Saturday, July 9, 2016

Duel of Ages II is a delightful Across-Time-and-Space Sci-Fi Skirmish boardgame

Anyone who knows me, knows that I love alternate Earth and mixing of genres stuff.. Fantasy wizards using sub-machine guns, Nazi Androids jacking into the net, Confederate Aeronautical and Space Administration ships colonizing the asteroid belt, Halfwit hobbits in powered armour, Klingon Jedi Knights... you name it.

Duel of Ages II by Worldspanner scratches that itch for me.. big time.


The premise is, it's the far future, and there is a holodeck-like entertainment that pits characters from across space and time at each other.. You control a group of them to fight the other team in fights to the death, as well as reach objectives..

All kinds of characters..

Here is a sample.. Aliens, robots, athletes, unicorns (!), perky space cadet, etc..







Fashionable rocket boots.. lol..



My friend Jim and I played the first two tutorial games two years ago, but we were so busy with other games, we did not continue playing it, until today. It was so long ago, we forgot the rules and started again with the first three tutorial missions.

Jim and I were assigned, per the tutorial scenario, unlikely teammates.

One of my teams had, for example, Annie Oakley, Pat Garret, Geronimo and a fantasy barbarian pitted together..


Another one of my teams had a 16th Century woman, Kit Carson, a barbarian, Martians, General James Gavin of WW2 and some sort of Amazon.. All working together!


Jim too, as my opponent, had equally strange bedfellows on his side.. A football quarterback, Davy Crockett, a mercenary and a daredevil.


And in another instance, I killed 3 from Jim's team.. an Alien, an Android and ... William Wallace!



This strange mix of allies alone makes me love the game..

Even better though to sweeten the gaming experience, was the strange mix of weapons your guys get after successfully meeting challenges the holodeck computer throws at you in equally unlikely encounters you wouldn't normally meet in a role playing game, let alone in real life.. Encounters for example, where you can bump into groupies followed next by going into a space bar..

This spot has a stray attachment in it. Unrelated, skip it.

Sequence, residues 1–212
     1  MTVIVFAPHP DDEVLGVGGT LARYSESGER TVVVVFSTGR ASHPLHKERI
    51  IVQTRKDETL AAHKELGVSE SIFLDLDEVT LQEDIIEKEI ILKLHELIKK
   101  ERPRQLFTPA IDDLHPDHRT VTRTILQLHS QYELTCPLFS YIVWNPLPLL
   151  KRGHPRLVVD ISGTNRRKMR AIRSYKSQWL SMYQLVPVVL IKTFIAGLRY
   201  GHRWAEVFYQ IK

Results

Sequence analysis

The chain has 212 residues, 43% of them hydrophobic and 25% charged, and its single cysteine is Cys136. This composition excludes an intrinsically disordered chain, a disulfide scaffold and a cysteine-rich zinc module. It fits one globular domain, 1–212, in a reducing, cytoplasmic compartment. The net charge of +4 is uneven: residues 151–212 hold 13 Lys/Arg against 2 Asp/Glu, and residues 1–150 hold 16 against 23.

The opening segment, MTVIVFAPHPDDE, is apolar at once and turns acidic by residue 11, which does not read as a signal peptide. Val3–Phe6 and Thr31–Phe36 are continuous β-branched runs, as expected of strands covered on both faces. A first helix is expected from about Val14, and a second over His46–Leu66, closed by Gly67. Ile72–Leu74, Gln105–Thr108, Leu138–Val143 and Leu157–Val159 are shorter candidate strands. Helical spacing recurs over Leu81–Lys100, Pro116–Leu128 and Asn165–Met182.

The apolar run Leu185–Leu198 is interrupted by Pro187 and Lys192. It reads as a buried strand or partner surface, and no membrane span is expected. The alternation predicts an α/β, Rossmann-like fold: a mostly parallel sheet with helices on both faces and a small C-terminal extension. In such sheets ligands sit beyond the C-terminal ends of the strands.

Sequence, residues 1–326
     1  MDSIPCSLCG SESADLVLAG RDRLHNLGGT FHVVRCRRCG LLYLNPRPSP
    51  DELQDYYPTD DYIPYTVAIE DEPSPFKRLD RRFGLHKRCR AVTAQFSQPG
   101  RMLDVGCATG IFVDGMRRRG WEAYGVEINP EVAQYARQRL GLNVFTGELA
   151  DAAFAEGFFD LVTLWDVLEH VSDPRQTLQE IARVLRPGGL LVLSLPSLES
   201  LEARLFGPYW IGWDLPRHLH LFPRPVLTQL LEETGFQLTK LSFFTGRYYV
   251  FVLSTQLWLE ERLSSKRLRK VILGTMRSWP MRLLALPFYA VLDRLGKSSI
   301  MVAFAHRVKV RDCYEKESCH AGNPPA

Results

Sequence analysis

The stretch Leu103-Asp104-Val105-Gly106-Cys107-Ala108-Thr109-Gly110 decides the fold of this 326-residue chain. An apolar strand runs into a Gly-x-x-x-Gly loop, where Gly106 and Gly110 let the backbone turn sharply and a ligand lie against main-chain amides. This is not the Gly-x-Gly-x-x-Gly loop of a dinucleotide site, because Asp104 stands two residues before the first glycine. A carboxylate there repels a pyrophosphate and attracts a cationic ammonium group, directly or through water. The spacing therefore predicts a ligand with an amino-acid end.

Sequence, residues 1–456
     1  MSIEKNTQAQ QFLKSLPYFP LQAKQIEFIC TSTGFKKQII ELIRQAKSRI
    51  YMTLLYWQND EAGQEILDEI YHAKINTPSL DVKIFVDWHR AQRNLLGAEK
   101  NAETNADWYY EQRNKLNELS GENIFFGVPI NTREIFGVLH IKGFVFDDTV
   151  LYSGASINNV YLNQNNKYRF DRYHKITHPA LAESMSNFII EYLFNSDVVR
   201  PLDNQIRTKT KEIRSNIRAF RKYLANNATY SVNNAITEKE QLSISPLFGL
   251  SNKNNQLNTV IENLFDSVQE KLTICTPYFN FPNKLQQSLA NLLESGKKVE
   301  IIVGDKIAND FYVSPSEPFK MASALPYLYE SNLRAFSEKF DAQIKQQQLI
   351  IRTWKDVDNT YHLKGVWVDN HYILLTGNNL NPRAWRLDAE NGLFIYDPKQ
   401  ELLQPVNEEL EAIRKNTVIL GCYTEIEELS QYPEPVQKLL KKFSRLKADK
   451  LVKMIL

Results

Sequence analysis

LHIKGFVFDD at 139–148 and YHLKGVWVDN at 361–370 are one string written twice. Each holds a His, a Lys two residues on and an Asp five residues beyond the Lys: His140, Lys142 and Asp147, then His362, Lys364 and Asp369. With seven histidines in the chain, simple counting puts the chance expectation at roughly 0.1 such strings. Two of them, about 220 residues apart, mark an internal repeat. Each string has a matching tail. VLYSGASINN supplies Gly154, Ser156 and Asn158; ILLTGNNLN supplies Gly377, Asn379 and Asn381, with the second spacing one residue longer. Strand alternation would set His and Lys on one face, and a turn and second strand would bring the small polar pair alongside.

The weapons range from everything from knives to exotic ray guns.. 

Knives, swords, etc, are common and can hurt the other player as my Spartacus did, killing two before he was killed...


Jim and I though, found ranged weapons deadlier.. Annie Oakley with a flintlock pistol, killed 2 or 3 of Jim's guys before she was killed.. My fantasy barbarian with a ray gun was equally a force to be reckoned with. .







Other times, your guys can be left hauling junk around.. my space diplomat got frog toxin once but no blade to poison with, and a medkit. A shame really, as he had an exceptionally high wit, which would normally give him an edge in melee combat by going first.. 


Another time, my tough guy only had a sword though I wish he had guns, guns and more guns!..


Still, when unlikely things come together, they can mesh well.. My Geronimo ran around with futuristic L-Wave grenades, which he used to effectively kill one of Jim's characters.. 


But this is not simply a straight wargame... Every character has about a dozen RPG-like attributes and both Jim and I were caught off guard sometimes as your character may not be smart enough (or too primitive ) or strong enough to use the equipment the holodeck-like computer gives you..

Here, Geronimo's strength of 6 and Intellect of 5 met the requirements to use the L-Wave grenade's minimum 2 Strength and 4 Intellect to use.


Another time however, my brainy space faring Martians were smart enough to use the long bow (their 7 intellect vs the 2 minimum required to use it), but evidently, they have puny arms and were too damn weak to pull the bow (2 vs 4 minimum).. Where else but in someones dream or in a holodeck would "little Green Men" from Mars run around with just a long bow like it was Agincourt or something..


The game mechanic thus simulates the entertainment value of such strange circumstances you can only find in a holodeck environment.

And there are reminders that you are in a holodeck. Some weapons have a "K" designation, which means if they are used to kill another character, the weapon disappears from their hands afterward, which would not happen in real life, but would in a holodeck trying to entertain the unwashed masses watching across the galaxy.

The first tutorial, Jim and I learned melee combat. In the second, we learned range combat.. In the final tutorial, we had to break into each other's bases, blow things up and take prisoners. Even if you were successful in doing so, your character was teleported out and plunked out in one of the many teleportation (?) domes that populate the holo-environment. 

The game has the usual line of sight, movement, and opportunity fire rules you would find in other games.







All in all, an enjoyable game for those who love to mix up genres like I do. Jim said  he enjoyed the game as well. We promised though, that this time, we will continue with the other missions in the base game and the Master set, which I have both.

The Master set is packed with more terrain, cards, characters and equipment and promises hundreds of hours of play. I look forward to it.

Cry Havoc and let slip the holodeck scum!



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